Private schools include Saints Philip & James School, which was established in 1875 and serves students in pre-Kindergarten through eighth grade, operating under the auspices of the Roman Catholic Diocese of Metuchen
DC Drake (born 1957 as Don Drake), former professional wrestler, former World Champion for National wrestling Federation and Heavyweight Champion for Tri-State Wrestling Alliance, later known as Extreme Championship Wrestling (ECW).
^Raum, John O. The History of New Jersey: From Its Earliest Settlement to the Present Time, Volume 1, p. 272, J. E. Potter and company, 1877. Accessed June 13, 2013. "Phillipsburg is on the Delaware directly opposite Easton in Pennsylvania. The city of the same name is divided into three wards. The population in 1860 was 3,741 and in 1870 5,932." Note that the 1860 population is for Phillipsburg Township, which was renamed to Lopatcong Township.
^ abAbout PSD, Phillipsburg School District. Accessed June 13, 2013. "The district serves students from the Town of Phillipsburg and five sending communities at the secondary level: Alpha, Bloomsbury, Greenwich, Lopatcong and Pohatcong Townships."
^What are SDA Districts?, New Jersey Schools Development Authority. Accessed August 17, 2012. "SDA Districts are 31 special-needs school districts throughout New Jersey. They were formerly known as Abbott Districts, based on the Abbott v. Burke case in which the New Jersey Supreme Court ruled that the State must provide 100 percent funding for all school renovation and construction projects in special-needs school districts.... The districts were renamed after the elimination of the Abbott designation through passage of the state’s new School Funding Formula in January 2008."
^Patrick, Dick. "High school rivals are like family", USA Today, September 21, 2005. Accessed august 17, 2012. "Phillipsburg (N.J.)-Easton (Pa.): The game, played on Thanksgiving morning at Lafayette College in Easton, will celebrate 100 years in 2006."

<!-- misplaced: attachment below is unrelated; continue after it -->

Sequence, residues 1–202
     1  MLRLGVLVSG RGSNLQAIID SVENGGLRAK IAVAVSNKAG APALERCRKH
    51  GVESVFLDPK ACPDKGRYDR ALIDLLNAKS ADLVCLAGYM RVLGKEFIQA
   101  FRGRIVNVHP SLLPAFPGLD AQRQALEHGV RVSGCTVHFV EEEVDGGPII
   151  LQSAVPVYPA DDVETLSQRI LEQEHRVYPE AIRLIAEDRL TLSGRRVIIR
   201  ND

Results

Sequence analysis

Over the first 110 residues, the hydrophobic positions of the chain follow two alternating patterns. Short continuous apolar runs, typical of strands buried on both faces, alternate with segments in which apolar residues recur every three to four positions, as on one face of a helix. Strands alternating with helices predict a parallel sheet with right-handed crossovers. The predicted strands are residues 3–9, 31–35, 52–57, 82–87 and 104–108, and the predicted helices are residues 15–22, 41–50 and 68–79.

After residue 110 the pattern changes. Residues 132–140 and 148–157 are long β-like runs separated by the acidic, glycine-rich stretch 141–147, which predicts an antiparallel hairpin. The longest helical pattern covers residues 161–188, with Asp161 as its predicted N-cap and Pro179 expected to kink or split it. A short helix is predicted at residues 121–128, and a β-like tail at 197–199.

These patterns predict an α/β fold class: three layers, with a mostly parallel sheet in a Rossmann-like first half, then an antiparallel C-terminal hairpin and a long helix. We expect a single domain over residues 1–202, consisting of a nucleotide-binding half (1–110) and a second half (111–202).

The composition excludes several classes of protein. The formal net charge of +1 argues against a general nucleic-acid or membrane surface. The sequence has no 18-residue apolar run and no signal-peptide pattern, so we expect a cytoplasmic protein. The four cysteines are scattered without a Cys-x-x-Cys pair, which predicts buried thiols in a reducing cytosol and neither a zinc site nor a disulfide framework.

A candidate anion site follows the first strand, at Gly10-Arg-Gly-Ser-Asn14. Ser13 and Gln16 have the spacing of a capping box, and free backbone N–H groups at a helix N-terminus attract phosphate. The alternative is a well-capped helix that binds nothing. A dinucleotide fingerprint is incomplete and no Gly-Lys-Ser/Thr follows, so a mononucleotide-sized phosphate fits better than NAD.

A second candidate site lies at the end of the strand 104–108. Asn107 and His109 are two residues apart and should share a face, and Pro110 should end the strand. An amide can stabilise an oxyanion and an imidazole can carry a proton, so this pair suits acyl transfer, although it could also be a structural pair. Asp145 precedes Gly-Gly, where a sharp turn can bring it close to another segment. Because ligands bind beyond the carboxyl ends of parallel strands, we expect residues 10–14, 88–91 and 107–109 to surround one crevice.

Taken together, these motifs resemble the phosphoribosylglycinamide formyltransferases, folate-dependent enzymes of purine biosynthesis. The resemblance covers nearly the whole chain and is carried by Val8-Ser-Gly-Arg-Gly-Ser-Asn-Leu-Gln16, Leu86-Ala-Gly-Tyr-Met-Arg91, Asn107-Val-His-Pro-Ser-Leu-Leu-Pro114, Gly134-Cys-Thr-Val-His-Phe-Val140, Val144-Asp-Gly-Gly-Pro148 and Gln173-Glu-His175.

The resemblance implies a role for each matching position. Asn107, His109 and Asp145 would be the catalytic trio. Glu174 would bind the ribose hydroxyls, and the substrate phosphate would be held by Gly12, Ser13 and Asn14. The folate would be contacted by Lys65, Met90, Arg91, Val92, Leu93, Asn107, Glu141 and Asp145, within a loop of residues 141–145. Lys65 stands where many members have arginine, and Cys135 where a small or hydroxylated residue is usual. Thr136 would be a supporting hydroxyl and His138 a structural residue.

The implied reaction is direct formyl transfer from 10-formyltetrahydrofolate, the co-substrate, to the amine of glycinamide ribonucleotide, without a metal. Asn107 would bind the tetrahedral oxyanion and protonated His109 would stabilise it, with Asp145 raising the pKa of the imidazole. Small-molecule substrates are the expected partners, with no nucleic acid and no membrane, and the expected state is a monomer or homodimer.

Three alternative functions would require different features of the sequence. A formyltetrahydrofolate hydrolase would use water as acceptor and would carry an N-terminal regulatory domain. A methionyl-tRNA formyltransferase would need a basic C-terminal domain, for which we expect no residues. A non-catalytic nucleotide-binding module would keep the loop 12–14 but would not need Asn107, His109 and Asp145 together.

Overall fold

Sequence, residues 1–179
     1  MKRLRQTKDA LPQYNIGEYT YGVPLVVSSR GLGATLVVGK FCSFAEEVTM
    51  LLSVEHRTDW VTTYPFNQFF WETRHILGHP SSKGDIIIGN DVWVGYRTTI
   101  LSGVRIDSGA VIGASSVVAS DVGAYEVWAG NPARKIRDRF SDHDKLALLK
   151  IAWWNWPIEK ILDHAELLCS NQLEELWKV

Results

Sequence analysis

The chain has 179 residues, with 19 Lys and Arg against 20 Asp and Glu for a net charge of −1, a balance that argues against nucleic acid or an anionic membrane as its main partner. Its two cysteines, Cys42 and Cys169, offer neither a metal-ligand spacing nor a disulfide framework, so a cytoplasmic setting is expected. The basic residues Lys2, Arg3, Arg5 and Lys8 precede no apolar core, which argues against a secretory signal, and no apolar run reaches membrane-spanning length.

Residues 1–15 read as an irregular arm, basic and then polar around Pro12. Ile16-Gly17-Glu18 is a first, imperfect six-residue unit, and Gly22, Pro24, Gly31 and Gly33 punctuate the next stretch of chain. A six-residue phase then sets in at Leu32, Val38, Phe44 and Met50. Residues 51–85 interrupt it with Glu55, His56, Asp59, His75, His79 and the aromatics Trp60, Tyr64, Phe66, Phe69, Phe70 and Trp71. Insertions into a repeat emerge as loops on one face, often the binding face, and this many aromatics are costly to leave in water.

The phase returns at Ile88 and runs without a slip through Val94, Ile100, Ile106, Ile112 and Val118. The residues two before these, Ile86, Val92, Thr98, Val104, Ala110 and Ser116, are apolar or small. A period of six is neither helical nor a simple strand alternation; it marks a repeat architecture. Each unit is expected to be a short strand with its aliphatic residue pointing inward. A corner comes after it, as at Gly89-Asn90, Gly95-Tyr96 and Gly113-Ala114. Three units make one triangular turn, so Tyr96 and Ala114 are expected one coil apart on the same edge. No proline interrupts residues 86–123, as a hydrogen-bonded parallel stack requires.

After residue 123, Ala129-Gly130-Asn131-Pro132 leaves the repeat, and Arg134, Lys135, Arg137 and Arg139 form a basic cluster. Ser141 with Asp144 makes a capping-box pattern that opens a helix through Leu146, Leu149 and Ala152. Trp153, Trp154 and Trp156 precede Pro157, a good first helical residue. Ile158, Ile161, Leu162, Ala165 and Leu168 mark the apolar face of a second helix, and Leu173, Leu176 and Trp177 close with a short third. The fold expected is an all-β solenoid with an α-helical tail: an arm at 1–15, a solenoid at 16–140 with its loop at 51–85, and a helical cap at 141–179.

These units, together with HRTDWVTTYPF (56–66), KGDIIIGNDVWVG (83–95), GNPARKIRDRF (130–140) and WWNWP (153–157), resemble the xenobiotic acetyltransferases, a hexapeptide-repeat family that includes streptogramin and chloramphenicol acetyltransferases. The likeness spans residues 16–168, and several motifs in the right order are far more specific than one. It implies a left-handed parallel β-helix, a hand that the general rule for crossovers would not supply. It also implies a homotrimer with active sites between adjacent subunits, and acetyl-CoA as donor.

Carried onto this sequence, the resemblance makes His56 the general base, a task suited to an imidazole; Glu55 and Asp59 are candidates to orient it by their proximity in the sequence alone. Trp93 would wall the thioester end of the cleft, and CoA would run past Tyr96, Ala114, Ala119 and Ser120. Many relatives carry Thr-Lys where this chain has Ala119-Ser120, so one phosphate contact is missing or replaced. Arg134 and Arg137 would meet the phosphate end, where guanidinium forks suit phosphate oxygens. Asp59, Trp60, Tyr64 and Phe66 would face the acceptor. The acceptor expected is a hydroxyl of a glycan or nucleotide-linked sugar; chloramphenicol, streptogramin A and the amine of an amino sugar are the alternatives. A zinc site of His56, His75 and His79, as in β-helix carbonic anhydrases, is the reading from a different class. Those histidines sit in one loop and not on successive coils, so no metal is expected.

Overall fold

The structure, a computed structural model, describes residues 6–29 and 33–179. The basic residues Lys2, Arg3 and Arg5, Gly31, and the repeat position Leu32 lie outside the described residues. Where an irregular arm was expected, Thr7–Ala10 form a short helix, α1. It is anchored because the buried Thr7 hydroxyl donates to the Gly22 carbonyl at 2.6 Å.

^Conover, Allan. "Phillipsburg beats Easton in Gatorade Replay football", Warren Reporter, April 29, 2009. Accessed August 17, 2012. "For almost three toasty hours earlier in the day, however, Wargo had been among the most prominent Phillipsburg football players in Lafayette College's Fisher Stadium and was a key performer in the Stateliners' 27-12 triumph over Easton as 13,350 sun-baked spectators looked on. Wargo, a tackle, was selected as the game's 'Outstanding Defensive Player,' an honor he never gave a thought to while helping the 'Exliners' win the rematch of the 1993 Thanksgiving Day battle which ended in a 7-7 stalemate."
^Overview, Ridge and Valley Charter School. Accessed September 16, 2013. "Enrollment is open to any child in New Jersey, with preference for students from the districts of Blairstown, Frelinghuysen, Hardwick, Knowlton and North Warren Regional."
^Head Coach Tom Brennan, University of Vermont, backed up by the Internet Archive as of September 7, 2008. Accessed March 14, 2011. "The 54-year old Brennan is a native of Phillipsburg, NJ who graduated as the all-time leading scorer at Phillipsburg Catholic High School."